Two villages, some 450km apart, in Upper Egypt have seen demonstrations by hardline Muslims against the presence of two de-facto churches in the villages. The two churches, both unlicensed, have officially applied for legalisation of their status, meeting all the legal requirements for legalisation according to the 2016 Law for the Building and Restoration of Churches. The law stipulates that it is illegal to close down any unlicensed church that has officially applied for legalision.
The village of Sultan Basha in Minya, some 250km south of Cairo, was the scene of demonstrations on Friday 24 August by scores of Muslim villagers who headed to the village church, a small de-facto, unlicensed one, shouting: “We don’t want a church here”. The Copts informed the police who directly arrived, dispersed the demonstrators, caught three Muslims who had damaged the CCTV cameras on the church wall and gate, and restored peace.
A police force remained in the village, threatening the perpetrators of the violence that they would not get away with it, and that the law would be enforced “with an iron fist”.
This was not the first demonstration against the church in Sultan Basha. The village had witnessed several such demonstrations last July, which led to police closure of a church consecrated to Anba Karass. The incident was especially conspicuous because a security figure had stood up and promised the Muslim demonstrators that there would never be a church in Sultan Basha. Anba Macarius, Bishop of Minya, issued a statement condemning such defiance of the law.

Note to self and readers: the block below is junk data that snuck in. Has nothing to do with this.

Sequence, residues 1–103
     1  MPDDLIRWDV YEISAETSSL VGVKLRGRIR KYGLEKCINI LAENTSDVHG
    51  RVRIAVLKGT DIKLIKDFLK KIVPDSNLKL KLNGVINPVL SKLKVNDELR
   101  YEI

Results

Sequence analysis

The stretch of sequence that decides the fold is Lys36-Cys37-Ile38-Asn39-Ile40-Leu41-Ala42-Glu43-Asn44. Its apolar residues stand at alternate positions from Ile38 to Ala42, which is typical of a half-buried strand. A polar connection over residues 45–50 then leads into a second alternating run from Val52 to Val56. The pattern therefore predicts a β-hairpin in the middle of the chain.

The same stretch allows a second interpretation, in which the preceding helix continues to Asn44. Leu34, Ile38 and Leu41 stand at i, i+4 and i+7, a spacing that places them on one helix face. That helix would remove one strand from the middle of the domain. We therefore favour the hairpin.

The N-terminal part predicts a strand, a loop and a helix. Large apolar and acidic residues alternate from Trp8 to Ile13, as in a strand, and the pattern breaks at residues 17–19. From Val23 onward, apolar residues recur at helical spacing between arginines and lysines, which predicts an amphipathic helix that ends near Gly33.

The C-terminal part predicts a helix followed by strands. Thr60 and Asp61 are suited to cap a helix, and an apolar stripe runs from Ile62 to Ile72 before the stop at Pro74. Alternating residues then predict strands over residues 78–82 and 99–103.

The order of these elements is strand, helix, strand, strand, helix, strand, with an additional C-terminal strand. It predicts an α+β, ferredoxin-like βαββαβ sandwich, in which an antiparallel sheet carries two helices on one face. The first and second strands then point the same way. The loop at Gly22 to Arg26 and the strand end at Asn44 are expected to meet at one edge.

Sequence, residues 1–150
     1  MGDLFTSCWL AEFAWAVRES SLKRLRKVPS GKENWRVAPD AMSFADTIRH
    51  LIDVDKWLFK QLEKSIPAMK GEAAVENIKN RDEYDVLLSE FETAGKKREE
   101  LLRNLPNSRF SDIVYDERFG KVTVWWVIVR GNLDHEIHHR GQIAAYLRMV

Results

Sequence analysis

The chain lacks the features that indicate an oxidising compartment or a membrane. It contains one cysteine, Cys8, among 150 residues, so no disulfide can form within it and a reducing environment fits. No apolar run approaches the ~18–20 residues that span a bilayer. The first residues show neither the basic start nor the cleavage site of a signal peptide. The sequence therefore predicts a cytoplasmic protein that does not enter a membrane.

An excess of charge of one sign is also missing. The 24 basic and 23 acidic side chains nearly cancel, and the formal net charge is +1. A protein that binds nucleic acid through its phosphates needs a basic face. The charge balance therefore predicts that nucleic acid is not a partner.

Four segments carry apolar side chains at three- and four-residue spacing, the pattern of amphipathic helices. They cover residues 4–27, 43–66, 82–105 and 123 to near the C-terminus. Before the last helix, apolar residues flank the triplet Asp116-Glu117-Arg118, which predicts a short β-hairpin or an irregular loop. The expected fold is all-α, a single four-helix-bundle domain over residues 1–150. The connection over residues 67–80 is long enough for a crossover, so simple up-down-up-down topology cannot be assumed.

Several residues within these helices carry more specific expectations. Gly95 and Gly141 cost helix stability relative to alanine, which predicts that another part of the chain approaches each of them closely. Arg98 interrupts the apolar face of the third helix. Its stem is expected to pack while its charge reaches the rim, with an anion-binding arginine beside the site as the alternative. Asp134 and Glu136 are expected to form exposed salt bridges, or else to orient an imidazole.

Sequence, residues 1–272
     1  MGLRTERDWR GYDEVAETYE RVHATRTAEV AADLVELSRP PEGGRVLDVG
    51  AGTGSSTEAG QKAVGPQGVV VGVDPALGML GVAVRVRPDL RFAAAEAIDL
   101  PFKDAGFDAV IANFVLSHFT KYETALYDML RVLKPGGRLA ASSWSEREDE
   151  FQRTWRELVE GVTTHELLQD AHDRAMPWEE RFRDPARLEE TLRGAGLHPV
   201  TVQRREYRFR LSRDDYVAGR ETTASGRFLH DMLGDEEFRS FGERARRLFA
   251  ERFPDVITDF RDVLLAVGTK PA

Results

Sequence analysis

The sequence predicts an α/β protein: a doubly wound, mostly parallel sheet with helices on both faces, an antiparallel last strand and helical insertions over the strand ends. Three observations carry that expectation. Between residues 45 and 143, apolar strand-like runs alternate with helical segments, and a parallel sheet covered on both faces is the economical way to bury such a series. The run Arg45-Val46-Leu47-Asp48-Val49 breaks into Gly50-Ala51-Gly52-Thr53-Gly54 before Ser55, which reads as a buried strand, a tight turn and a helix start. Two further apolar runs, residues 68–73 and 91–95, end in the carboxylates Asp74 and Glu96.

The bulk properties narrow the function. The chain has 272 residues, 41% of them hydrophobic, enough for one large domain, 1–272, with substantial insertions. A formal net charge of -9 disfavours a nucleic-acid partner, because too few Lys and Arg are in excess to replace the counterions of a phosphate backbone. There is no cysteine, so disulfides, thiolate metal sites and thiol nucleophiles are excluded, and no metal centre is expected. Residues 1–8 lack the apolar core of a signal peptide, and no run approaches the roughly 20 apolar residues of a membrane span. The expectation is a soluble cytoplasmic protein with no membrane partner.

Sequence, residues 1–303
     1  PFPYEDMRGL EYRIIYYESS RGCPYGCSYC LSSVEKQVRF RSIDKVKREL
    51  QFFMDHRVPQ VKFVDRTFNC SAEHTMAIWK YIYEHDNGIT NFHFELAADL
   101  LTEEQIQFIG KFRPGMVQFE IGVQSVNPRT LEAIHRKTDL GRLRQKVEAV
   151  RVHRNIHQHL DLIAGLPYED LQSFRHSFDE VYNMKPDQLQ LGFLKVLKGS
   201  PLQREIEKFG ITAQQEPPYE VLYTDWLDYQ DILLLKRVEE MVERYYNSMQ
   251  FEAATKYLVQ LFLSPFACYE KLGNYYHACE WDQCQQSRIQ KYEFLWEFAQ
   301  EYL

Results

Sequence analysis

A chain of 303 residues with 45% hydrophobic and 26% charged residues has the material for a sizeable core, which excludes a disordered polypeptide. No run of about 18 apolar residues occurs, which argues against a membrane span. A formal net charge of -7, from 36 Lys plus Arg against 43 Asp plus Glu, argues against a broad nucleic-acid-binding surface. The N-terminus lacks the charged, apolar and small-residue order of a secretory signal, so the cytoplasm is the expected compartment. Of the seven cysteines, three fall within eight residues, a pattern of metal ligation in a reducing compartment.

On 31 July, the security chief of Minya was changed, and Minya got a new chief: Major General Magdy Amer.
The church of Anba Karass, which was unlicensed but had applied for legalisation, was more recent than an older, smaller one which the Copts had used for worship for some eight years earlier. This was merely an old house which was inadequate to accommodate a 400-strong Coptic congregation, so Minya Bishopric bought a newer, more spacious house to use as a church, named it Anba Karass’s and, once the 2016 law was passed, officially applied to legalise its status. Following last July’s protests and the the police closure of Anba Karass’s, the Copts went back to worshipping in their old church but, as is obvious from the recent demonstrations, the hardline Muslim villagers wished that this too should be closed. When the police stood up to them, they avenged themselves against the Copts by uprooting their field crops and damaging their irrigation pumps. The Copts: Shehata Adel, Wael Nash’at, Saleh Habib, Nabil Labib, and Samuel Zaki reported such incidents to the police.